Credit rating cliff risk creeps to American banks

It’s been a lurking concern since early this year.
But late Tuesday credit rating cliff risk came to Bank of America, Wells Fargo and Citi care of Moody’s — thanks to the combustible dynamic between the new Dodd-Frank Act and the ratings agencies.
From the Moody’s statement:
Moody’s Affirms BofA, Citi, Wells Fargo; negative outlook on supported ratings
Unsupported ratings unaffected
New York, July 27, 2010 — Moody’s Investors Service today affirmed the long-term and short-term ratings of Bank of America (BAC), Citigroup (Citi), and Wells Fargo (WFC) while at the same time changing the outlook to negative from stable on their ratings that currently receive ratings uplift as a result of Moody’s assumption of systemic support (including their senior debt and deposit ratings). The outlook change is prompted by the recent passage of the Dodd-Frank Wall Street Reform and Consumer Protection Act (Dodd-Frank) — a law that, over time, is expected to result in lower levels of government support for U.S. banks.
None of these banks’ unsupported ratings, such as their bank financial strength ratings (BFSR), were affected by this outlook change. The rating outlook on Bank of America’s and Citigroup’s unsupported BFSR is stable, while the rating outlook on Wells Fargo’s BFSR is positive.
In a separate action, Moody’s today also placed the supported ratings of 10 U.S. regional banks under review for possible downgrade (See press release dated July 27, 2010 “Moody’s reviews U.S. regional banks’ supported ratings.”).
The worry is that under new 2a7 rules, money market funds are pretty much limited to investing in A1-rated paper. At the same time, the Dodd-Frank Act rather explicitly seeks to eliminate government support for banks, which means rating agencies can no longer factor that ‘uplift’ into ratings.
Combine the two and you get a possible strain on banks’ funding.
Back to Moody’s:
“Since early 2009, Bank of America, Citigroup, and Wells Fargo’s ratings have benefited from an unusual amount of support,” said Sean Jones, Moody’s Team Leader for North American Bank Ratings. This support has resulted in debt and deposit ratings that range from three to five notches higher than that indicated by the banks’ unsupported, intrinsic financial strength. “The intent of Dodd-Frank is clearly to eliminate government — i.e. taxpayer — support to creditors,” said Mr. Jones. To achieve this, the law attempts to strengthen the ability of regulators to resolve complex financial institutions, while at the same time strengthening the supervision and regulation of such institutions to reduce the likelihood that they will need to be resolved in the future. (See Moody’s report “Credit Implications of the Dodd-Frank Wall Street Reform and Consumer Protection Act on U.S. Banks” for more on the rating agency’s views on the Act).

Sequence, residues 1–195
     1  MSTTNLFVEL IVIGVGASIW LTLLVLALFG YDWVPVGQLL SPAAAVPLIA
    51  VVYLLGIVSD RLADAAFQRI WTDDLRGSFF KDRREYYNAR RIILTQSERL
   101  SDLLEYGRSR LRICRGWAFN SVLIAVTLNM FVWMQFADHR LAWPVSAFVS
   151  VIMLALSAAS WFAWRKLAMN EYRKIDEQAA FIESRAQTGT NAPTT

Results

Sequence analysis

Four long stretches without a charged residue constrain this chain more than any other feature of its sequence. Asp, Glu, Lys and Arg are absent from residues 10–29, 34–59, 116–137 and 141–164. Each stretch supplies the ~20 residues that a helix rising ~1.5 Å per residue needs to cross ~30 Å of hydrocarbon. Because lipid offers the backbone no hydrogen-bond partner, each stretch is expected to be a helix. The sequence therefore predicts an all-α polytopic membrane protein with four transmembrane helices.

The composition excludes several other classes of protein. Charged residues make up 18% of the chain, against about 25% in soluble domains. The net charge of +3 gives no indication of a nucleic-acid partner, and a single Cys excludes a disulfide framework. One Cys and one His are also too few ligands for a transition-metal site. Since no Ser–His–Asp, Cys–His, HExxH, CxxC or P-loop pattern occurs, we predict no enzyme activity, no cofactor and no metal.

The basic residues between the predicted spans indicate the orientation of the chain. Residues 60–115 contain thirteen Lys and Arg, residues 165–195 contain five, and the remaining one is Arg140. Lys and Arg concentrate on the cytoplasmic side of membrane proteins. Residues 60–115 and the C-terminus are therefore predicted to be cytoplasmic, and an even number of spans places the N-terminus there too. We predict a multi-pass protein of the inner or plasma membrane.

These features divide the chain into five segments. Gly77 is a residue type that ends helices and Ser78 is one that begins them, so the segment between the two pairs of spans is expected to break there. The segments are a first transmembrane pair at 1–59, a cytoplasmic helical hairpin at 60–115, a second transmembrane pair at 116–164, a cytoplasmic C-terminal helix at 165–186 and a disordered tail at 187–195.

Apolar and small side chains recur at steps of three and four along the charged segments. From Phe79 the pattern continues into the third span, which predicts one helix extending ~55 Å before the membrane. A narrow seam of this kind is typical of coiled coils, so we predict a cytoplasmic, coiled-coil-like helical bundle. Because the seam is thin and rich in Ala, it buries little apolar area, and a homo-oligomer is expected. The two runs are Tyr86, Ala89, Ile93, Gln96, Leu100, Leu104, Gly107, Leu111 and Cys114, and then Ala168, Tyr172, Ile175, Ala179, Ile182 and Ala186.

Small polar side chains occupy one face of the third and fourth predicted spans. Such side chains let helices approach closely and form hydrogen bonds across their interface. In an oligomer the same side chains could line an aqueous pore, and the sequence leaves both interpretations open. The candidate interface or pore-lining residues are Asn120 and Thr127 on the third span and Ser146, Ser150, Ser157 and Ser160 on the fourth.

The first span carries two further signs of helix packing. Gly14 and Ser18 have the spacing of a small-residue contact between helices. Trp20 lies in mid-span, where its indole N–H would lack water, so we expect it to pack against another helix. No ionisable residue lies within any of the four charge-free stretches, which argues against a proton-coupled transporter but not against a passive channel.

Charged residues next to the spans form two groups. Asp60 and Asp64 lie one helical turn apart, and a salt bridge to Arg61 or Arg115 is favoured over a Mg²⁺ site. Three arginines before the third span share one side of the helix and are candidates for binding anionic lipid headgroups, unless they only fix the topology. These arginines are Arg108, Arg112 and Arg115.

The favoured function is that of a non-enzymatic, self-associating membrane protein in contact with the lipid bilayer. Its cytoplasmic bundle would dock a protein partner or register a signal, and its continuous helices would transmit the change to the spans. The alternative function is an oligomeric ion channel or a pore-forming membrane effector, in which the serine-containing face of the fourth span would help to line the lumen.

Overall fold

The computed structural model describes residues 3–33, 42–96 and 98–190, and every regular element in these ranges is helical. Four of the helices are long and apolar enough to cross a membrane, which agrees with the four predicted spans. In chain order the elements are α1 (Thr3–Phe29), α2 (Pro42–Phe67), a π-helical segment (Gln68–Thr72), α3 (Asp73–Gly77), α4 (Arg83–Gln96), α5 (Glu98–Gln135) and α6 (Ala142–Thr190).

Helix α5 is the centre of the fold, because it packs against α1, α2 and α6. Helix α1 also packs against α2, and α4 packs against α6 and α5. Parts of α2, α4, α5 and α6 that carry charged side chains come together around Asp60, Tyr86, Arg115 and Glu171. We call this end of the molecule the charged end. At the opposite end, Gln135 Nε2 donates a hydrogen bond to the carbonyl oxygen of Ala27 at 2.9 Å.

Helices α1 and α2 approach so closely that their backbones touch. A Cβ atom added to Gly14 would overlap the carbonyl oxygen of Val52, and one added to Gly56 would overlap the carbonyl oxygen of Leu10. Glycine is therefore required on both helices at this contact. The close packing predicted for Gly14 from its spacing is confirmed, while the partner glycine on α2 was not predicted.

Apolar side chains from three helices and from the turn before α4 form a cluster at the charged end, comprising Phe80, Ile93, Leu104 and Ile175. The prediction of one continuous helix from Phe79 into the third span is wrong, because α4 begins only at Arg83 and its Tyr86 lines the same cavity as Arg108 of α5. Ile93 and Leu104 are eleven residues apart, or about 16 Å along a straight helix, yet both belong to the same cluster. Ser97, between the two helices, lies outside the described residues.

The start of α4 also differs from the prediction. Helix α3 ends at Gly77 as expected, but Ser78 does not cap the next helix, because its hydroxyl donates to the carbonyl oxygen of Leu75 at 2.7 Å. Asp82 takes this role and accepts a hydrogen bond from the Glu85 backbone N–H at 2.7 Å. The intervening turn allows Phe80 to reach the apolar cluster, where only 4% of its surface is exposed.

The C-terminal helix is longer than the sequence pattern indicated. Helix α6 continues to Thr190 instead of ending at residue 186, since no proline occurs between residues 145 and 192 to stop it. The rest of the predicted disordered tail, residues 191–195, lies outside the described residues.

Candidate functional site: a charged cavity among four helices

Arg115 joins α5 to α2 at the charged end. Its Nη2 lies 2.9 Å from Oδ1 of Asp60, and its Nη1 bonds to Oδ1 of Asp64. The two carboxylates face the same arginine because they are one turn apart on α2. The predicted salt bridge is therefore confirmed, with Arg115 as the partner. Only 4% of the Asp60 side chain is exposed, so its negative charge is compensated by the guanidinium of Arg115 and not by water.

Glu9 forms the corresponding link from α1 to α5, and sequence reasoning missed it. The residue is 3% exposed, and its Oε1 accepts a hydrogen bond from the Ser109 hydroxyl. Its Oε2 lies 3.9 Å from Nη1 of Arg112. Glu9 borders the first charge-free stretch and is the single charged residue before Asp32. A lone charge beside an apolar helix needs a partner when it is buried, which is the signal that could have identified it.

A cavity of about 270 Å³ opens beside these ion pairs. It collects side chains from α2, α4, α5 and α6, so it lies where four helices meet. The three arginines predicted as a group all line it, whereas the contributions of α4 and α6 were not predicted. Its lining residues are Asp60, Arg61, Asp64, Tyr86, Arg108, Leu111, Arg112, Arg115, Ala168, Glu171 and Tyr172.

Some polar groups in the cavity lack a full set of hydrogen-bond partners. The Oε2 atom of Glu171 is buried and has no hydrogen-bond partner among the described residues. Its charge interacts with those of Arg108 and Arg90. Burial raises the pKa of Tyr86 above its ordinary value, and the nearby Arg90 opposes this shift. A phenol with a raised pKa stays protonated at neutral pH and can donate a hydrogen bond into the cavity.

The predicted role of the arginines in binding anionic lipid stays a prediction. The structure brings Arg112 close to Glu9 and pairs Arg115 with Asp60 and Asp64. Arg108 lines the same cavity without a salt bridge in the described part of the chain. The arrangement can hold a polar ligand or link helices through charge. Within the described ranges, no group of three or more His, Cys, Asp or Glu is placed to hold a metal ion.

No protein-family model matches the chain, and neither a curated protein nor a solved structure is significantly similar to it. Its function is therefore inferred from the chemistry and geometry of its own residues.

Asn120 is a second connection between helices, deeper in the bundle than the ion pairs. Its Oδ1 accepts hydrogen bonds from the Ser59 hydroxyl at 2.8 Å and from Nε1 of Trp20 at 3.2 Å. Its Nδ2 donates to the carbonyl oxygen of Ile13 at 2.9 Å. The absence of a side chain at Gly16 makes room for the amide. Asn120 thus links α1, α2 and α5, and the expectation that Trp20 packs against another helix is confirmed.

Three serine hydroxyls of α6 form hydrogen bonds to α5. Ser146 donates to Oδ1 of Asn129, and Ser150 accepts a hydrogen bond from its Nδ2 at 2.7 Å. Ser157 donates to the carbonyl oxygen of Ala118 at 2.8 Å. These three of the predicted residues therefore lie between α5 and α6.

Over the near-term, as a practical matter, Moody’s thinks that regulators will continue to face significant obstacles when trying to resolve complex, interconnected, global firms without risking a systemically threatening contraction in credit. Therefore, we continue to believe the current ratings on these three banks are still appropriate.
However, over the next 12 to 24 months, as the new law is implemented, rules and regulations are written, and if economic conditions stabilize, we expect that our support assumptions for systemically important banks will likely revert to pre-crisis, or even lower, levels — though we do not anticipate that we would completely eliminate support from these firms’ senior debt and deposit ratings. If BAC’s, Citi’s, WFC’s, or some other systemically important banks’ unsupported bank financial strength ratings remain unchanged over this time period, then a reduction in our government support assumptions could lead to downgrades of their supported debt and deposit ratings.